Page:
Peyton Manning will announce his retirement on Monday afternoon, ending one of the most prolific careers in NFL history. But while Manning is going out on his terms, he may not have had a choice.
If Manning did want to keep playing, it is unclear if he would have had any offers and the NFL’s strict calendar forced him to make his retirement decision now rather than wait to see if any teams did come calling.
NFL insider Adam Schefter addressed this issue on ESPN Radio Monday morning.
“If you go through the teams in the league that have quarterback questions and openings, there was not one of them that jumped out and said they want Peyton Manning as a starting quarterback,” Schefter said. “There is a quarterback question right now in New York with the Jets, in Houston with the Texans, in Los Angeles with the Rams, in Denver with the Broncos. There was one in Philadelphia until the Eagles signed Sam Bradford last week. Cleveland with the Browns. There is not one team that said ‘we are going after Peyton Manning hard.'”
Schefter later clarified that the Rams had shown interest in signing Manning but would not guarantee him the starting job, a pill that may have been tough to swallow for a quarterback with Manning’s pride.
Still, there was also the issue of timing.
If the Broncos were indeed ready to move on and make Brock Osweiler their starting quarterback — they reportedly have a 3-year, $45 million contract offer on the table for Osweiler — they would have been forced to cut Manning this week to avoid having him take up $21.5 million worth of space on their salary cap next season.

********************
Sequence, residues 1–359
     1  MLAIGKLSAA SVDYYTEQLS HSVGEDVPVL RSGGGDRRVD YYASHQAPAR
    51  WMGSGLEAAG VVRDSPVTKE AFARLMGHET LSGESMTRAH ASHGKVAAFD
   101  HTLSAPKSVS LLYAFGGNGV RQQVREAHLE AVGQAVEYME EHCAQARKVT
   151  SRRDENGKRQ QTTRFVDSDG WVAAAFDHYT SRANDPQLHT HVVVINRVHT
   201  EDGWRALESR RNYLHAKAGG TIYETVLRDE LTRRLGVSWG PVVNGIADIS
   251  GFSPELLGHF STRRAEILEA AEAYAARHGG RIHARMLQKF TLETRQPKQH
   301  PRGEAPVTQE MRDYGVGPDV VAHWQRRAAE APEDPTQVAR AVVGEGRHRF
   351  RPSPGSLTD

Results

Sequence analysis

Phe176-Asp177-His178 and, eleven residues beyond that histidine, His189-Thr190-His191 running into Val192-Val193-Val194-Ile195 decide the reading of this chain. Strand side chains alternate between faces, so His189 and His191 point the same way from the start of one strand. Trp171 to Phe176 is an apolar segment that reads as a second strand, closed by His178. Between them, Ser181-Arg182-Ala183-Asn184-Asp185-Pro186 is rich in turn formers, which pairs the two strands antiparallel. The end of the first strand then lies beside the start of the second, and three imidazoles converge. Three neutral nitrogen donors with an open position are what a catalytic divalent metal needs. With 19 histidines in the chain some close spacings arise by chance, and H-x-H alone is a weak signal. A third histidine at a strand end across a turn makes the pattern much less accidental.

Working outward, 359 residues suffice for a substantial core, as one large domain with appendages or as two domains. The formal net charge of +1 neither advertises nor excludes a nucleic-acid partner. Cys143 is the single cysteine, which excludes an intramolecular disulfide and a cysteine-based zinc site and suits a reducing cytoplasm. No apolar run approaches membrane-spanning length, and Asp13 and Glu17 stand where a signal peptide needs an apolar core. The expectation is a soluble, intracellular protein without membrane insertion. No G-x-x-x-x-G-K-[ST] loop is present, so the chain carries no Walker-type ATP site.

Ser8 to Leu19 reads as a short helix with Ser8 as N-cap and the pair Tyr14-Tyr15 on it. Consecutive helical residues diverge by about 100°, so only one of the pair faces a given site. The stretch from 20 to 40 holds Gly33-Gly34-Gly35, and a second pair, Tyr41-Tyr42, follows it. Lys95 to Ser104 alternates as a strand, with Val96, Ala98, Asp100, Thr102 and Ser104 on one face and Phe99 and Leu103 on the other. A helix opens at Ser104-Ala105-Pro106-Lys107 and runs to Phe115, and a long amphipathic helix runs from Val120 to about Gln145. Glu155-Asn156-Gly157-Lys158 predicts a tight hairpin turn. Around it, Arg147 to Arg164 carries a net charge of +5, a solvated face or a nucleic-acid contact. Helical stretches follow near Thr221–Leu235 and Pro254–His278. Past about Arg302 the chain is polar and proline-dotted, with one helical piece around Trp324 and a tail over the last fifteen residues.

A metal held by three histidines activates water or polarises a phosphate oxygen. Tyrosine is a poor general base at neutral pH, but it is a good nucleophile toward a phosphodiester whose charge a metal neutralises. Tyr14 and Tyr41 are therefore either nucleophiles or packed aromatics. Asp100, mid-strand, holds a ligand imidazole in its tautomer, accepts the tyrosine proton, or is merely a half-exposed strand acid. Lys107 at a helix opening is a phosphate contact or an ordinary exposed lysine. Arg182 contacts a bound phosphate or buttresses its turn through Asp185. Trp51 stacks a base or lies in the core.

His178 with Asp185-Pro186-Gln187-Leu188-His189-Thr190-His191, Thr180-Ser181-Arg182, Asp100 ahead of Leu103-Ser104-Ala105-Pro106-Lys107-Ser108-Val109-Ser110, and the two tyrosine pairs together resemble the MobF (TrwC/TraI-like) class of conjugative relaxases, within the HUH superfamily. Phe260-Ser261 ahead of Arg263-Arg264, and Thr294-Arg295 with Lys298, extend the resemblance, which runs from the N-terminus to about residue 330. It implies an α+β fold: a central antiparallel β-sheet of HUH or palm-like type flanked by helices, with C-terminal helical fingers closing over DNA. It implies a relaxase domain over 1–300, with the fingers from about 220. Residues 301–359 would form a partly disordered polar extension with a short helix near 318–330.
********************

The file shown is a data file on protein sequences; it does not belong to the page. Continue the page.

While there was plenty of time for Manning to get healthy, show teams he could still be productive, and potentially change their minds, Manning’s future would have been dangling in the wind. If Manning had been cut and later forced to retire simply because he couldn’t find a job, it would have been an ugly end to a storied career and much different than just “going out a champion.”
Instead, Manning is announcing his retirement now, going out on his terms, and avoiding having his legacy end with an ugly footnote.
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